RPCFN: Broadsides - 7

Ruby Programming Challenge For Newbies

RPCFN: Broadsides (#7)

– By James Edward Gray II

About James Edward Gray II

James Edward Gray II James Edward Gray II was called into the principal’s office in high school for writing a black jack program on his calculator and beaming it to all the math students almost 20 years ago. He’s been tinkering with little code challenges ever since. After discovering Ruby, he formalized this process by creating the Ruby Quiz. Though he no longer runs those challenges, he’s glad to see that the spirit lives on in projects like the RPCFN.

James has this to say about the challenge:

The only way to learn to program is to have about 5,000 arguments with a compiler, in my opinion. How you get your time in is up to you, but I would rather do it with fun little exercises like the RPCFN than under more stressful circumstances. Given that, I tend to favor the game problems as they distract me from the learning I am really trying to accomplish and allow me to have more fun.

Our Awesome Sponsors

This monthly programming challenge is co-sponsored by 1st Easy Limited and Backup My App.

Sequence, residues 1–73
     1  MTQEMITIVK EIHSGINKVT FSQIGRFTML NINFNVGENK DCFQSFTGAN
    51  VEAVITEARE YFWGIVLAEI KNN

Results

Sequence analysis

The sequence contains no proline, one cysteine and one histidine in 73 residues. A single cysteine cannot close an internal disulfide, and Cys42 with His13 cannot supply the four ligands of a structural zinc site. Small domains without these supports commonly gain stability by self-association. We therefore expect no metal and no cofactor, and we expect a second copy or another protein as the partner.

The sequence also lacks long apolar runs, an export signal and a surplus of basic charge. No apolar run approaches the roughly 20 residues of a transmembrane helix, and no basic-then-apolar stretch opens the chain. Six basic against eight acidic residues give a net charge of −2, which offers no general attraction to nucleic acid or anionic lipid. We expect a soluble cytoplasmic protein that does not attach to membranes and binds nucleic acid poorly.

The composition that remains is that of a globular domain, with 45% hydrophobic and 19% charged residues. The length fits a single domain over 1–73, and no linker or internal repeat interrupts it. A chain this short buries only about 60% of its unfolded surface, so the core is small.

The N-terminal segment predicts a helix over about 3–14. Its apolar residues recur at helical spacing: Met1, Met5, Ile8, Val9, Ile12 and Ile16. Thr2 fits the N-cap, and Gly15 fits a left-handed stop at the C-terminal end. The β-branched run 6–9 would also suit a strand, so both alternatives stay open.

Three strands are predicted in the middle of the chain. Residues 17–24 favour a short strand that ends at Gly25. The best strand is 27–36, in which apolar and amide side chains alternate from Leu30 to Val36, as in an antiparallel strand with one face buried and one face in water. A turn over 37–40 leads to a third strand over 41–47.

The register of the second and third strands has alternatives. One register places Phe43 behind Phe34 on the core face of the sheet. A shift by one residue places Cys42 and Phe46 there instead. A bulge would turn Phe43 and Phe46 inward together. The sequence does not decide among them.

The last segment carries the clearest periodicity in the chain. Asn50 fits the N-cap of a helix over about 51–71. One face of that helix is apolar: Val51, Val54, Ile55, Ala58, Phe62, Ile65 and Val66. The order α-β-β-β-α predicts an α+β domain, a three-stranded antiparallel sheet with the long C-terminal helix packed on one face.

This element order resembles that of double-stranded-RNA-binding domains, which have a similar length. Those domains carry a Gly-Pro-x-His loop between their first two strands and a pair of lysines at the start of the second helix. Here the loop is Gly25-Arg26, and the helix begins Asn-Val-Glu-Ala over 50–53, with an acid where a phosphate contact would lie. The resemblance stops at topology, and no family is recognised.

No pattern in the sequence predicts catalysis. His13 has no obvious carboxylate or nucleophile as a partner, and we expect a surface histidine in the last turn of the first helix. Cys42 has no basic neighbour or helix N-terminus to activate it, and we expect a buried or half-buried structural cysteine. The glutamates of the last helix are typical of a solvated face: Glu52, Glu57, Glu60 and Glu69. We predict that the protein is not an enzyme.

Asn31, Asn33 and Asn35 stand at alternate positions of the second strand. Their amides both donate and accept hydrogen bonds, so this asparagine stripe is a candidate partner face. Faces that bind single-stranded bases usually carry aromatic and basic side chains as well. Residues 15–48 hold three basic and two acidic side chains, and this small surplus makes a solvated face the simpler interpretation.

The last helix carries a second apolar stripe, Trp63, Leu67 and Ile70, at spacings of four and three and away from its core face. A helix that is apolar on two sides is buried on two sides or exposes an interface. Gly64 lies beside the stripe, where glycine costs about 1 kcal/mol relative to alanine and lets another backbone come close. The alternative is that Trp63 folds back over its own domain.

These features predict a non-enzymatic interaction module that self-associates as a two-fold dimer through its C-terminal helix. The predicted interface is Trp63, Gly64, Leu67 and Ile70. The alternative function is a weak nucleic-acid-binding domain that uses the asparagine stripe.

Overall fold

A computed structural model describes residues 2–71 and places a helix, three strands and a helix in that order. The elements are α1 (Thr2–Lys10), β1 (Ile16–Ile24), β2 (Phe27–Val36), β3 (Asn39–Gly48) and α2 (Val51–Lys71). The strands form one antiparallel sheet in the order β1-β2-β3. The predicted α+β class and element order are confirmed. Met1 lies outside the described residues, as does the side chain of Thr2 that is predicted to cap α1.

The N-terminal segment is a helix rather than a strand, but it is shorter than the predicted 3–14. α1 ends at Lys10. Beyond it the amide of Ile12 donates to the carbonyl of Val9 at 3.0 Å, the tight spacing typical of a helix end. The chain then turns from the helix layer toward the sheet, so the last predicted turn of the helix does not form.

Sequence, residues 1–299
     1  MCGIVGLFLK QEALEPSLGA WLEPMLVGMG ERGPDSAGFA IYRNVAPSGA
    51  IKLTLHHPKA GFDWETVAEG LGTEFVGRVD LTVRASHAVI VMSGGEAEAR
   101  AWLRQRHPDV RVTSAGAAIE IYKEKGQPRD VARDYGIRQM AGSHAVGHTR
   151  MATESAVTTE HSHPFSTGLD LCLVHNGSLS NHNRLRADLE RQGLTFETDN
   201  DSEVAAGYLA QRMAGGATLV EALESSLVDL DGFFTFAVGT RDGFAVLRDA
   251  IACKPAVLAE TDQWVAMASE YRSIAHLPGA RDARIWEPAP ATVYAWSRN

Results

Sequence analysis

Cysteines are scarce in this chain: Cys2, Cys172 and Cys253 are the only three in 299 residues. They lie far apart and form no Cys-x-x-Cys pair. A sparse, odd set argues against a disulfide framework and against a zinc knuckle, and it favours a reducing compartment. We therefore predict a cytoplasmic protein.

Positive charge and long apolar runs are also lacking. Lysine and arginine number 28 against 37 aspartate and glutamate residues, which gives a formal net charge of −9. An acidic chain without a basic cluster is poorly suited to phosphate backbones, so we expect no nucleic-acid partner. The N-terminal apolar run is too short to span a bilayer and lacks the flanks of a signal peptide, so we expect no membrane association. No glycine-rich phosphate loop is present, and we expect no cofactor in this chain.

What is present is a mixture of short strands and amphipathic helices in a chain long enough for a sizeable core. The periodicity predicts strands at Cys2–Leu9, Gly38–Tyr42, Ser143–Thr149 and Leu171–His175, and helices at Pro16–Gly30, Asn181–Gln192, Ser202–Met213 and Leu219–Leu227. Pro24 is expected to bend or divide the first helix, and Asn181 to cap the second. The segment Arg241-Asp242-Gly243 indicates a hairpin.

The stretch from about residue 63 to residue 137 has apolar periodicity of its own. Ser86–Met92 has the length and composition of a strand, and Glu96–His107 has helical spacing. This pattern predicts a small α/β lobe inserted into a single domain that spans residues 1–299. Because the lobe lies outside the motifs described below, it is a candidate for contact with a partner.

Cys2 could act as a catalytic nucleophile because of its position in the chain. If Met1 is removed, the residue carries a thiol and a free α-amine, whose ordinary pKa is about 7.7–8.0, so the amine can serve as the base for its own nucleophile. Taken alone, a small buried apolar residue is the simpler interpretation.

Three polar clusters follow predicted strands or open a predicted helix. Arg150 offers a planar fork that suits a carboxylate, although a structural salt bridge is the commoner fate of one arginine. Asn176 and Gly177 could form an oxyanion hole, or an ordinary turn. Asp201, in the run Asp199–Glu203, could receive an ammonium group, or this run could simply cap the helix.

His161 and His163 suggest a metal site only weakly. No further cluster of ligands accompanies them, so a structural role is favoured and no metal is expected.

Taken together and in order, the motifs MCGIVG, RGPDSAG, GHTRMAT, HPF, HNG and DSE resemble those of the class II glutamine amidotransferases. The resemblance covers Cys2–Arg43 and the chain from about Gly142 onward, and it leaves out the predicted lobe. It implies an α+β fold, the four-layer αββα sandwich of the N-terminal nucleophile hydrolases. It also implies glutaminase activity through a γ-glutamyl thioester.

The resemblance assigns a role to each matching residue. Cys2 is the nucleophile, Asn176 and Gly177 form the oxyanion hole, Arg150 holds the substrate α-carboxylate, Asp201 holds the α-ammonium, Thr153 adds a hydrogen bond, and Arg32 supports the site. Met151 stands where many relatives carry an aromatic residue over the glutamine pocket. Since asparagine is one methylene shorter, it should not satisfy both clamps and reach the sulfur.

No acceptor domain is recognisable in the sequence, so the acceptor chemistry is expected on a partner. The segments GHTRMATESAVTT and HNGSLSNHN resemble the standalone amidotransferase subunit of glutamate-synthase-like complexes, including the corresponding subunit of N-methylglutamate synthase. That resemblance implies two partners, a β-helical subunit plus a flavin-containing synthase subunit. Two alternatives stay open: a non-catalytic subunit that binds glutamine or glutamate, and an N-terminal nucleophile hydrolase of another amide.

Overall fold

UK based Passenger

1st Easy Limited are delighted to have been given the opportunity to support the work of Satish Talim and his team at RubyLearning.

Taking part in the Ruby Programming Challenge? You’re welcome to take advantage of the free Ruby on Rails hosting trials that 1st Easy offer: simply register your details, and a full-featured account is yours to do with as you please for one month. Once the trial is over, you can transfer your work to a paid account, or walk away with no questions asked!

Backup My

Backup My App is an automatic backup service for Ruby on Rails applications. You simply install the plugin to your Rails application and they handle the rest of the process. They store backup history for several weeks and you can restore any of them automatically. Try out their 1 GB plan for free. Backup My App has co-sponsored this challenge and is proud to make this contribution to the Ruby community.


  • The participant with the best Ruby solution (if there is a tie between answers, then the one who posted first will be the winner) will be awarded any one of PeepCode’s Ruby on Rails screencasts and a free 10 GB account for a year from Backup My App.
  • From the remaining working Ruby solutions, three participants would be selected randomly and each one would be awarded any one of Pragmatic’s The Ruby Object Model and Metaprogramming screencasts.
  • All the participants in this challenge (except the participant with the best Ruby solution) will get a free 5 GB account for 6 months from Backup My App.

The four persons who win, can’t win again in the next immediate challenge but can still participate.

The Ruby Challenge


The Challenge

The entire challenge details are available at: http://github.com/JEG2/broadsides.

How to Enter the Challenge